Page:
Horse deaths force Churchill Downs to improve track maintenance, veterinary resources

Symbolic statue: One of the attractions at Churchill Downs is the statue of Barbaro, winner of the 2006 Kentucky Derby. Barbaro was injured in his next race, the Preakness Stakes, and later euthanized. (AP Photo/Kiichiro Sato)

Churchill Downs will implement safety measures for its September meet including new track surface maintenance equipment and additional monitoring and equine care following 12 horse deaths before and after the Kentucky Derby that spurred suspension of the Louisville track’s spring meet.

Racing is scheduled to resume Sept. 14 and run through Oct. 1 at the historic track, which paused racing operations on June 7 to conduct an internal safety review following the spate of horse deaths from racing or training injuries. Seven died in the days leading up to the 149th Derby on May 6, including two in races preceding the premier event.

The Horseracing Integrity and Safety Authority recommended suspending the remainder of the meet, which moved to Ellis Park in western Kentucky. Training continued at Churchill Downs during the investigation, and a release on Monday stated that while industry experts found no issues with the racing surfaces, the track invested in new maintenance equipment. Along with infrastructure upgrades, it will also double the frequency of surface testing.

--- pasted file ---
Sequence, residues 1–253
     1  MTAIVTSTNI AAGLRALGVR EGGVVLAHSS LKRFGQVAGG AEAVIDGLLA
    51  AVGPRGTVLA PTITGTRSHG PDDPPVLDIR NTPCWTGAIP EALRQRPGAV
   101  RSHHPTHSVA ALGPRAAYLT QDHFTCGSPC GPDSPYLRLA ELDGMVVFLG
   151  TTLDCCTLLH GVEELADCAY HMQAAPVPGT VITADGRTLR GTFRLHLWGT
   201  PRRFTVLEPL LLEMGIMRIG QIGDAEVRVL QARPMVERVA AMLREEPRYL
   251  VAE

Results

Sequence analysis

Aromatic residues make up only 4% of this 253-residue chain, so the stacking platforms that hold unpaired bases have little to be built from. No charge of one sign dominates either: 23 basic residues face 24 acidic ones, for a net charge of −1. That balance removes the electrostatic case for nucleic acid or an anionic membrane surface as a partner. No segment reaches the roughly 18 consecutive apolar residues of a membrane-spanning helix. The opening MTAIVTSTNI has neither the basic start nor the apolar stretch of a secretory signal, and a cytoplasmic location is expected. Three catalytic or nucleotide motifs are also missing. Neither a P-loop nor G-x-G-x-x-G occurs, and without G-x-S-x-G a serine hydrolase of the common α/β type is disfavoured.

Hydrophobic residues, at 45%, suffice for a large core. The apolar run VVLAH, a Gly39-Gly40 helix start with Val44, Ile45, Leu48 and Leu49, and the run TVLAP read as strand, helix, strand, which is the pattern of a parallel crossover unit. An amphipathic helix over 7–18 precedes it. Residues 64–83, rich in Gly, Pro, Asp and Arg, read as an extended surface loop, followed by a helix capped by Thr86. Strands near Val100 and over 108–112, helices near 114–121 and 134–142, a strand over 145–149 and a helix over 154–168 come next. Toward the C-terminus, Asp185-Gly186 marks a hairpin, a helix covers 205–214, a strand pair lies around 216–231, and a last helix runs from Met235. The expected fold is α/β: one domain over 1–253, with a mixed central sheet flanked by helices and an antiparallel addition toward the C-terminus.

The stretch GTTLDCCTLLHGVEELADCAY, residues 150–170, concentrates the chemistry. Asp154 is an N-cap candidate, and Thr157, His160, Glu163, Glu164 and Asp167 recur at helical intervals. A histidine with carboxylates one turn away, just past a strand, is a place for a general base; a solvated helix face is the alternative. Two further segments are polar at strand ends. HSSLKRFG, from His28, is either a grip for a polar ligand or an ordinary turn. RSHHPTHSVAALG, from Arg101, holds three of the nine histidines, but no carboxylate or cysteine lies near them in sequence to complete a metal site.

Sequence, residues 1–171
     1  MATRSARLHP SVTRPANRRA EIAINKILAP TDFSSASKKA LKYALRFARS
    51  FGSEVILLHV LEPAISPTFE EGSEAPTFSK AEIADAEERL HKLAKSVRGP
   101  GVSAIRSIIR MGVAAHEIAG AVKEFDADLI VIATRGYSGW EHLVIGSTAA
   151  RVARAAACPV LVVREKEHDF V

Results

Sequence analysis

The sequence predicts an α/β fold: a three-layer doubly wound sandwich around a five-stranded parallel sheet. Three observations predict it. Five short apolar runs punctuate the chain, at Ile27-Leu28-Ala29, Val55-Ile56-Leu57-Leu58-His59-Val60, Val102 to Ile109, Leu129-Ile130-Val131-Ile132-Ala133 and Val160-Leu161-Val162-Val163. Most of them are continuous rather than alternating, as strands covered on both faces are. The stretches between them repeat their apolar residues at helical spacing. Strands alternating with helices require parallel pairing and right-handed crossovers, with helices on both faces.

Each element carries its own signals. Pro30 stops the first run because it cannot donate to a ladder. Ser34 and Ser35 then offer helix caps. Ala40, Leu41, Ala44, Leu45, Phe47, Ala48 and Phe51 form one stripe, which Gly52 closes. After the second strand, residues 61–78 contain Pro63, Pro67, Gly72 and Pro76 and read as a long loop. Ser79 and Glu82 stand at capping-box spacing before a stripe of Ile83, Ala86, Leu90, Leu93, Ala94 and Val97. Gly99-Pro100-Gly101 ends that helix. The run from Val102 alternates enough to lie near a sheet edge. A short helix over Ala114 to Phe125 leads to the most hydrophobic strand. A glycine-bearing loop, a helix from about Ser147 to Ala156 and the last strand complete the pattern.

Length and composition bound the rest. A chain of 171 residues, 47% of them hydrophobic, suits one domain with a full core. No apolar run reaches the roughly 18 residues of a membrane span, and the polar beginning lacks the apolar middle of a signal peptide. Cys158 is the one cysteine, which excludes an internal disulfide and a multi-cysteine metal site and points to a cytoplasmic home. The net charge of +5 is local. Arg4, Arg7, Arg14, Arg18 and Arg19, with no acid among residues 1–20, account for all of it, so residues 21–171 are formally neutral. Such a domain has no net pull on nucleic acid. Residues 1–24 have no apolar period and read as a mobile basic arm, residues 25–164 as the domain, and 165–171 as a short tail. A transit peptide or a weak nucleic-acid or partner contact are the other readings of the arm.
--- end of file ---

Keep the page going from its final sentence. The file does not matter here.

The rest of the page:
Churchill Downs Inc. CEO Bill Carstanjen said in the release that the track’s commitment to safety “remains paramount” and added, “our participants, fans and the public can be assured that we will continue to investigate, evaluate and improve upon every policy and protocol.”

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The announcement comes days after Carstanjen said in an earnings call with CDI investors that racing would resume this fall with no changes, calling the deaths “a series of unfortunate circumstances.”

Churchill Downs veterinarians will receive additional resources for specialized horse care and to assist in pre-race inspections and entry screening, the release added. The track will work with HISA and industry experts to predict at-risk horses through advanced analytic techniques.

A safety management committee including horsemen, track employees and veterinarians will also be created.